At first glance, the visuals in FIFA 2003 are not much different from those seen in World Cup or FIFA 2002. However, a few hidden gems enhance FIFA 2003's visuals nicely. Such examples included the addition of the current score and the team logos superimposed on screen after a goal at the center of the pitch, and the automatic replays of each goal and infraction shown at the end of each half. These new visuals make the game feel like it is being watched from a television on ESPN or some other sports network.
While these visuals are nice, they seem to some with a price. Other features found in previous FIFA editions such as ritualistic dances after scoring a goal and frivolous festivities upon winning a championship are surprisingly absent in this edition. Celebrations occur in a much more conservative manner.
These visual differences aside, FIFA 2003 still harnesses some exciting graphical capabilities. Details are abundant in the believability of characters, locations, and action. Each of the 24 stadiums available in FIFA 2003 is unique and true to their real life counterparts. The same goes for the players. Facial and body features seem accurate for the bulk of each teams roster, which is quite an accomplishment considering there are over 10,000 available players.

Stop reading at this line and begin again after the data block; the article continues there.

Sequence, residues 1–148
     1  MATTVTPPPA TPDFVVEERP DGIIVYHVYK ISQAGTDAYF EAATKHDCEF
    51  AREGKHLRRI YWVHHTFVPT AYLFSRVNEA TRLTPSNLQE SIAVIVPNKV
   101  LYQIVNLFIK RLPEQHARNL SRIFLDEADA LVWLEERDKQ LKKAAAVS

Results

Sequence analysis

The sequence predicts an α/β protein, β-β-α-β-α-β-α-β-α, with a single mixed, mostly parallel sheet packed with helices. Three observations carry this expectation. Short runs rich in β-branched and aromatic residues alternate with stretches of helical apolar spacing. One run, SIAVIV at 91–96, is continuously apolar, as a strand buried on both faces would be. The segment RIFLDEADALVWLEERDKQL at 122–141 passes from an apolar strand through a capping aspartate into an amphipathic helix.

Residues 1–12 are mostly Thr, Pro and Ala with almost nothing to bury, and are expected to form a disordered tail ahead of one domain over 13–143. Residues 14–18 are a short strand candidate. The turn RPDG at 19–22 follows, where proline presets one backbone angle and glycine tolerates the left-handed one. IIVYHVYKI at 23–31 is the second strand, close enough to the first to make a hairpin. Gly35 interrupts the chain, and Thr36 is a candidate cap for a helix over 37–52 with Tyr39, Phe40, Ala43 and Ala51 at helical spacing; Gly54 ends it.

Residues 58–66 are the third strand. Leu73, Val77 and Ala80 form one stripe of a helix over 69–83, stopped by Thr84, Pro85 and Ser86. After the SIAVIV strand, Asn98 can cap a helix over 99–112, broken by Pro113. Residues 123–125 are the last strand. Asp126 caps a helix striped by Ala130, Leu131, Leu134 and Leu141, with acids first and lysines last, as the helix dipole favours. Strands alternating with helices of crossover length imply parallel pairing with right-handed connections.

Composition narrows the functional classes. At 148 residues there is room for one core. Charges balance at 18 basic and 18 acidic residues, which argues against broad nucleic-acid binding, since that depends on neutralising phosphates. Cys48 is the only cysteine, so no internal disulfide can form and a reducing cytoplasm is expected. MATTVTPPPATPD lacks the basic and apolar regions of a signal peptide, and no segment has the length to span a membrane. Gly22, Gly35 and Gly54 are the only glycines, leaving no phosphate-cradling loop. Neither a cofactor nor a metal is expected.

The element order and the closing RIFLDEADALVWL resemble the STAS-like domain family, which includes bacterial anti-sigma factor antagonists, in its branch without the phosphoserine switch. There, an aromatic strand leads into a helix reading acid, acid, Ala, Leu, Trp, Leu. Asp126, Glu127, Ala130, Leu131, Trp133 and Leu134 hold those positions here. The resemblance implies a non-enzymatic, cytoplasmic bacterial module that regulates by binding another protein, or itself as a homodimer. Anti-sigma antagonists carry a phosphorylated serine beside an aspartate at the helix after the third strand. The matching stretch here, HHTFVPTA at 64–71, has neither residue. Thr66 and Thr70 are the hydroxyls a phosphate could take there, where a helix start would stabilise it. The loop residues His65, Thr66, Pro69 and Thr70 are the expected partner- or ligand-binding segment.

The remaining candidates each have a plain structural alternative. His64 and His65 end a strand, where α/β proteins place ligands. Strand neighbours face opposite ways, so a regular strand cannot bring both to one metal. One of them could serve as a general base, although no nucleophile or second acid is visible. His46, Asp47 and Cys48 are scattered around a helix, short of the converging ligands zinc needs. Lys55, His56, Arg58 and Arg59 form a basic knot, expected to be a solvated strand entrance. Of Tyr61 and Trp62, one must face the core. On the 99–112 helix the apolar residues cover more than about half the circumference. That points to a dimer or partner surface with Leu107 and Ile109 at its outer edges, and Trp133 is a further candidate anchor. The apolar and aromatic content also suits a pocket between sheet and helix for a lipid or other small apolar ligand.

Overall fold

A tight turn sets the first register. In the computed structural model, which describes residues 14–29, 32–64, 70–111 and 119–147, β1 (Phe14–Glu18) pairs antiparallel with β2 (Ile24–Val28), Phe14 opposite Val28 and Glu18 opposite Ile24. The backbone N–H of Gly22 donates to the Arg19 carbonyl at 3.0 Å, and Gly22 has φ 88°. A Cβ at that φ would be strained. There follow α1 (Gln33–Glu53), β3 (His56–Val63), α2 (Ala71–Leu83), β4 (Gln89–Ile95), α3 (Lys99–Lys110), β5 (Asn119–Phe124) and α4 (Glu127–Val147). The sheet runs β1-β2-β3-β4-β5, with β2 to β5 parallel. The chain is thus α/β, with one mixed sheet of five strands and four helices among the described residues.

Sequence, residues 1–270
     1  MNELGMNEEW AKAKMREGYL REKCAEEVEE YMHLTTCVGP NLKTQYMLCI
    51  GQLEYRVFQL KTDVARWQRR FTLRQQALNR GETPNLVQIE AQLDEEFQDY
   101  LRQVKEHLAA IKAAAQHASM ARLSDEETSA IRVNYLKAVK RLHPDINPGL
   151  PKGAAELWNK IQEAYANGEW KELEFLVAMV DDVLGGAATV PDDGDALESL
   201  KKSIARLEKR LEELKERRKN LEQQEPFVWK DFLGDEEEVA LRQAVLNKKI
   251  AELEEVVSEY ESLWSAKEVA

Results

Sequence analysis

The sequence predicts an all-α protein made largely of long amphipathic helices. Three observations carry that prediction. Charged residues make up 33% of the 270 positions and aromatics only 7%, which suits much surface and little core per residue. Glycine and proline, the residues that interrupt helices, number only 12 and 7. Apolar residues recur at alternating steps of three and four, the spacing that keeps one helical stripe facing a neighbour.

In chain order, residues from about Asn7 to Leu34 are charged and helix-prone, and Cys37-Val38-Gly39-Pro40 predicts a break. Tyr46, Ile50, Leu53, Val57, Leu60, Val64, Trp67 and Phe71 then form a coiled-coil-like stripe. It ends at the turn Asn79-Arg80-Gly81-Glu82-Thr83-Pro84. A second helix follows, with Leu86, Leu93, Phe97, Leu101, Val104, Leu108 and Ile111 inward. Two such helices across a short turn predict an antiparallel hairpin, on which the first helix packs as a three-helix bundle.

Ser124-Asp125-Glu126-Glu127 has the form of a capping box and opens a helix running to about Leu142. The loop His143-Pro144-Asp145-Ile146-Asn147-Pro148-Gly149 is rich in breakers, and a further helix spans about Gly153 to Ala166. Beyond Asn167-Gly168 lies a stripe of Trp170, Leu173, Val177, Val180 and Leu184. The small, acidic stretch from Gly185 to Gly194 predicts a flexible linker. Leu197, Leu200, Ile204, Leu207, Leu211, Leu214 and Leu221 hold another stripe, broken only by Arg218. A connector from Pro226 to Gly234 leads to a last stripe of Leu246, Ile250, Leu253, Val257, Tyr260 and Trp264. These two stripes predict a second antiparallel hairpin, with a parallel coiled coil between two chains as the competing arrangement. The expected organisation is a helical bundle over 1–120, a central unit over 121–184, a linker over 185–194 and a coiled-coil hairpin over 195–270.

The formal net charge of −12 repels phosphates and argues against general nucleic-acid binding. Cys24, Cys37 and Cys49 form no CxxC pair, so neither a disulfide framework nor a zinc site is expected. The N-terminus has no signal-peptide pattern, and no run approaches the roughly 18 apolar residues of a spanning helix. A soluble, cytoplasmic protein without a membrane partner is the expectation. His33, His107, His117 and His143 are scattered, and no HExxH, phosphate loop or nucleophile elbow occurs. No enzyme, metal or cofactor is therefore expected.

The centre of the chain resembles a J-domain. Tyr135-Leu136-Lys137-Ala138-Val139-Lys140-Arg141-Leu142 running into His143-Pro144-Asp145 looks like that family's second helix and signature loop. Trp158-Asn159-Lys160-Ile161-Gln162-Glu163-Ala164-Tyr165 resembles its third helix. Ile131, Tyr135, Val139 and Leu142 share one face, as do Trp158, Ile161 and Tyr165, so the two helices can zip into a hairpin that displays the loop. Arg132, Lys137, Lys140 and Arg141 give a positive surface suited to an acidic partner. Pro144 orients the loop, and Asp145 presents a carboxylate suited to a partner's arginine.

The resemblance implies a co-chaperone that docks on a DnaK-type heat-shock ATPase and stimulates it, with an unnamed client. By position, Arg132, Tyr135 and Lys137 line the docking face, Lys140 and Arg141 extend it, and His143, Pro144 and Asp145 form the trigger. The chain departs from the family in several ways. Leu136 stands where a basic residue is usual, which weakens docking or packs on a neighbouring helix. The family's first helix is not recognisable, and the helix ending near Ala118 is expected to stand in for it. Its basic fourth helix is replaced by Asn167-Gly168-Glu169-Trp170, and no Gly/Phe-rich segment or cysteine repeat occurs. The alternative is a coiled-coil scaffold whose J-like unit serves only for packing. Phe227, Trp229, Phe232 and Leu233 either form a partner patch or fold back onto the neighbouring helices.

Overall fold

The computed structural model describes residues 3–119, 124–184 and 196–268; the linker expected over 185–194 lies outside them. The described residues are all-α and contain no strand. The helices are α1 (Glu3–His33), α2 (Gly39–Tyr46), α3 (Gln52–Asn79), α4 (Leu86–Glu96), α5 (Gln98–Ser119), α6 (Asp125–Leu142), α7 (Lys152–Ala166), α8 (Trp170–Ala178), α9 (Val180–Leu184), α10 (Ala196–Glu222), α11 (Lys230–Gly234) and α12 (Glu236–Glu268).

Probably the most exciting addition in FIFA 2003 is the powerful audio, made possible by the reactive spectators and FIFA's signature announcer. Spectators respond dramatically to the action on the field, cheering on their favorite team and changing attitudes depending on the current situation of the match. Certain teams may even hear specific chants that are actually yelled during a real life match. John Motson makes yet another appearance in the FIFA announcers booth as he and newcomer Ally McCoist deliver seamless commentaries throughout matches.